Process Science: Conceptual foundation for the interdisciplinary study of continuous change

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Type and Duration

FFF-Förderprojekt, November 2021 until April 2023 (finished)


Hilti Chair of Business Process Management

Main Research

Business Process Management


Processes are sequences of actions and events, which take effect over time and in context. They guide our every-day activities, and they dynamically change over time. Processes can make an impact on our society and environment. So far, processes have been investigated from the lens of single disciplines, such as computer science, management science, organization science, engi-neering science or cognitive science. We cannot rely on a single discipline if we want to obtain a full picture of processes. We need to bundle and synthesize contributions, theories and methods from multiple disciplines. Process Science shall provide the opportunity to accumulate interdisci-plinary knowledge on processes in order to make a real-world impact. Therefore, Process Science is based on four key principles; it (1) puts processes at the center of attention, (2) investigates processes scientifically, (3) embraces perspectives of multiple disciplines, and (4) aims to create impact by actively shaping the unfolding of processes. The ubiquitous availability of digital trace data, combined with advanced data analytics capabilities, offer new and unprecedented oppor-tunities to study processes through multiple data sources, which makes Process Science very timely (vom Brocke et. al, 2021).

Practical Application

The conceptualization of Process Science offers new great opportunities in research and international collaboration. From a practice point of view, organizations can benefit from the prescriptive knowledge that is generated through this project. Specifically, the definition and conceptualization of the idea can help organizations analyze application areas, make technological choices, and successfully implement Process Science in practice. Moreover, through this project, we intend to connect with regional companies and thus contribute to the network among various regional stakeholders. Digital trace data is everywhere and can be used to improve and handle business processes. Furthermore, we want to establish and shape the role of the "Process Scientist". We think in the future there is a need for experts in this field to improve the business process from multiple perspectives. To cum up, Process Science is inherently pragmatic as it strives to create knowledge that has instrumental value in solving real-word problems. As such, Process Science aims to produce knowledge that can make an impact on people, organizations and society. Process Science embraces processes on various levels and in different contexts, including both naturally evolving and intentionally designed processes, and examines how they interact over time. Insights we gain here shall enable and guide interventions to affect the course of things over time.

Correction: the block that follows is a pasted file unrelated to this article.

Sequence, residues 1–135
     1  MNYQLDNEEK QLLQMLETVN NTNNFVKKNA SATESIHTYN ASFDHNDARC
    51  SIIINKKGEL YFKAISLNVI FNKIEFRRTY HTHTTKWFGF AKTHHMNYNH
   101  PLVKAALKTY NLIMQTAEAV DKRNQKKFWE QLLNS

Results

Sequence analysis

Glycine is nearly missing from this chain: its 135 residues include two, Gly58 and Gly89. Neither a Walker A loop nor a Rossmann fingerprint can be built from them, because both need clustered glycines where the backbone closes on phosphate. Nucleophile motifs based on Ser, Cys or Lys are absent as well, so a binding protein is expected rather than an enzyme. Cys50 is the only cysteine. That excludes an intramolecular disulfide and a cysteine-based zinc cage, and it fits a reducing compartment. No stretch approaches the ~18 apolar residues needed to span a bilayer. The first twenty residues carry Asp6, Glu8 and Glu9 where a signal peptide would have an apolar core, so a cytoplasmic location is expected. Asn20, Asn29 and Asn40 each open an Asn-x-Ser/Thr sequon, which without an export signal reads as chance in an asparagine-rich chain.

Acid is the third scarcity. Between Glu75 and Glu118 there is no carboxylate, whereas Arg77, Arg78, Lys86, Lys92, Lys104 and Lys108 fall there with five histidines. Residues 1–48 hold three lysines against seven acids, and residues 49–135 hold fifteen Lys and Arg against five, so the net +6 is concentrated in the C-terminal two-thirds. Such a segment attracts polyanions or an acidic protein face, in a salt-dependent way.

Reference to Liechtenstein

1) The conceptualization of Process Science offers new great opportunities in research at a national and international collaboration. In both ways Liechtenstein profits as the origin/birthplace of the new term "Process Science".

2) With that empirical projects in Liechtenstein can be executed and Process Science take an active part in Liechtenstein`s industry.

3) The results will be disseminated via the Competence Center of Business Process Management at the Institute of Information Systems, which organizes regular steering board meetings and workshops with partners from industry, government and society. At each participating organization, such initiatives will help to address the local audience.

4) Due to the high recognition of the project members, we expect that project results will disseminate on regional and national levels. Additionally, the consortium partners will actively reach out to various stakeholders (e.g., via mailings, events, news material).

5) 5) We will translate our findings into teaching materials for students at the University of Liechtenstein.


  • Hartl, S., Franzoi, S., Grisold, T., & vom Brocke, J. (2023). Explaining Change with Digital Trace Data: A Framework for Temporal Bracketing. Paper presented at the 56th Hawaii International Conference on System Sciences, Maui, Hawaii. (VHB_3: C)

  • Franzoi, S., Grisold, T., & vom Brocke, J. (2023). Studying Dynamics and Change with Digital Trace Data: A Systematic Literature Review. Paper presented at the 31st European Conference on Information Systems (ECIS), Kristiansand, Norway. (VHB_3: B)